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  • Globalization and the Post-Creole Imagination: Notes on Fleeing the Plantation
  • Nicole Simek
Michaeline A. Crichlow, with Patricia Northover. Globalization and the Post-Creole Imagination: Notes on Fleeing the Plantation. Durham and London: Duke UP, 2009. 305 pp.

Focusing on Caribbean sociocultural practices, this wide-ranging study aims to reshape recent thinking about creolization through an approach closely resembling creolization itself, which Crichlow defines, following Michel-Rolph Trouillot, as “processes of ‘selective creation and cultural struggle’” (ix). Challenging, modifying, and integrating perspectives drawn from anthropology, geography, political theory, economics, philosophy, and literature, Crichlow’s study of creolization seeks to bring conceptual complexity to our understanding of the “entanglements”—of global and local processes, temporalities, spaces, places, and power—within which modern subjectivities and practices are developed. Crichlow’s key concepts and influences surface and resurface in a similarly entangled weave, reflecting the difficulty of the materials and ambitious scope of the study, which endeavors to present Caribbean histories and practices in a way that accounts for both their specificity and their “worldly” dimensions. In this account, “fleeing the plantation” refers at once to creolization’s ability to transcend its originary context, to the ongoing nature of this flight in the face of historical continuities, and to the specific forms of agency and resistance produced under and through the constraints of the plantation.

The prologue and first two chapters of the book develop its theoretical framework, situating its account of Creole subjects’ experience and refashioning of self, space, and time within a broad philosophical tradition and a wide range of Caribbean and postcolonial scholarship. These opening chapters set up analyses of the more specific anecdotes and case studies that follow in chapters 4 through 6, combining selected insights from, most prominently, the work of Michel Foucault, Pierre Bourdieu, Henri Lefebvre, and Achille Mbembe. Several lines of inquiry emerge from this theoretical conjunction. Chief among them is the investigation of Creole subjects’ “will to place”—that is, the desire to make the self present and to “home” the self’s “modern freedoms”—that animates the production of new modes of practice from within the multiple contexts that co-constitute the self. The notion of “making place” or “homing” owes much to Henri Lefebvre, whose theorization of space as a product is examined extensively in chapter 2, “Creole Time on the Move.” “Making place” also functions similarly to Foucault’s technologies [End Page 417] of the self (which, along with his concept of modern governmentality, greatly influence Crichlow’s analysis of the Creole subject’s relation to the state), and to the logic of practice or practical sense exercised by Bourdieu’s habitus as embodied history. Finally, Crichlow describes the dynamics of making place through the symbol of “the politics of the cross,” that is, the temporal and spatial interaction between the “vertical demands” or interpellations made on subjects and their “horizontal necessities (the struggle for moving one’s place-in-time by morphing cultures of power)” (70).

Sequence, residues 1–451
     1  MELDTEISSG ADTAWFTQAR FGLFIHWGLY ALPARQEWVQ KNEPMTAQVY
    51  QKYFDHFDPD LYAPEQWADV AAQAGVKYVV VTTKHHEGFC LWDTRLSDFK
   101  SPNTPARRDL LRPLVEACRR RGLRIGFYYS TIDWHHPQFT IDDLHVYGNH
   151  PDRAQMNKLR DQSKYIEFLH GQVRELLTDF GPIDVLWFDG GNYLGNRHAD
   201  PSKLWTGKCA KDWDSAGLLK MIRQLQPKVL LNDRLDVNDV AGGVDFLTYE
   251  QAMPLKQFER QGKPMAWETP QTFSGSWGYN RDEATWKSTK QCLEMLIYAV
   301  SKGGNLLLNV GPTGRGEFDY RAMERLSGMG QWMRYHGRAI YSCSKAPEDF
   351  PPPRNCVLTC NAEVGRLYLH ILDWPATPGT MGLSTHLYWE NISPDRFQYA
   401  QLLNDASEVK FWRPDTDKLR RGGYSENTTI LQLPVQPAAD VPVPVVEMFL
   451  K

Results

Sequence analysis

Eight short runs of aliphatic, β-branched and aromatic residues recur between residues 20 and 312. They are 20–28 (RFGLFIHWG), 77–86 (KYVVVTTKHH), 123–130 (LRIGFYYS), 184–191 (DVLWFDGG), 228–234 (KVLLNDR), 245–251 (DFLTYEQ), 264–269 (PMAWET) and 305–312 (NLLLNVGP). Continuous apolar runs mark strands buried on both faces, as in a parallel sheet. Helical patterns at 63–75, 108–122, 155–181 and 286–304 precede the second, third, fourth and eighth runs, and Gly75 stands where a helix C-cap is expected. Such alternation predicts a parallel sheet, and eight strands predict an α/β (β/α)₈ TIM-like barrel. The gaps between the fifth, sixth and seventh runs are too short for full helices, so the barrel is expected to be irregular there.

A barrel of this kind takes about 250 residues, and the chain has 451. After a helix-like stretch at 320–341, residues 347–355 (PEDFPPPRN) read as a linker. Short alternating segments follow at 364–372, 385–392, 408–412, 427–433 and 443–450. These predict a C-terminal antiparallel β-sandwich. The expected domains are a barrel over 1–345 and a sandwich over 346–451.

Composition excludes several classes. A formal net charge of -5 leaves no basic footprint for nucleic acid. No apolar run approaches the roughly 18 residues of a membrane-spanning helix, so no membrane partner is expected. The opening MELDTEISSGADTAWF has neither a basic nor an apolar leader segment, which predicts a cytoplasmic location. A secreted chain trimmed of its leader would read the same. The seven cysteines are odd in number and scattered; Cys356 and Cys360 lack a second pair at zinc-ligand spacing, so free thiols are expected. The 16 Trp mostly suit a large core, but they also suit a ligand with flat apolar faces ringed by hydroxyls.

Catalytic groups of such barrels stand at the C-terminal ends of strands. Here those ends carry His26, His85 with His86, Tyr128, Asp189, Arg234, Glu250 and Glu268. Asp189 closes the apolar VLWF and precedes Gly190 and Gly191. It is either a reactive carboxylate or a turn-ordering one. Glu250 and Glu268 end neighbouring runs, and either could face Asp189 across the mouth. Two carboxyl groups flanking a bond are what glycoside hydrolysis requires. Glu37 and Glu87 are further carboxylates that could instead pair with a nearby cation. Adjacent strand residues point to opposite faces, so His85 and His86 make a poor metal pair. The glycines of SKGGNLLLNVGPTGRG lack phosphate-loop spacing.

Subtending the work as a whole, this line of inquiry is supplemented along the way by related concepts of bricolage, critical mimesis, pastiche, and accommodation. Chapter 3 examines the ways in which will to place motivates smallholders’ struggles, highlighting both the subversive dimensions of their resistance to domination as well as the exclusionary, marginalizing tendencies of the strategies of “uplift” they deploy. Chapter 4 turns to the “Lucians,” a satirical comedy troupe/political party in St. Lucia, analyzing their challenges to state narratives and their reinforcement and reproduciton of state authority and elitist practices. Chapter 5 seeks to dismantle the binary of travel and fixity at work in transnational and diaspora studies by analyzing the interactions between St. Lucia’s “gens anglaises” (emigrants to England who later return to the island) and “locals” who have lived continuously on the island, but whose sociocultural practices have changed over time. Finally, chapter 6 deploys Jameson’s trope of the “eBay imaginary” as a point of departure for interrogating the global and local as “quintessentially relational spheres, mutually constituted and contested cultures of power” that Creole subjects navigate in their quest for place (182).

The strengths of this book—its multifaceted, interdisciplinary approach, its self-aware...


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pp. 417-419
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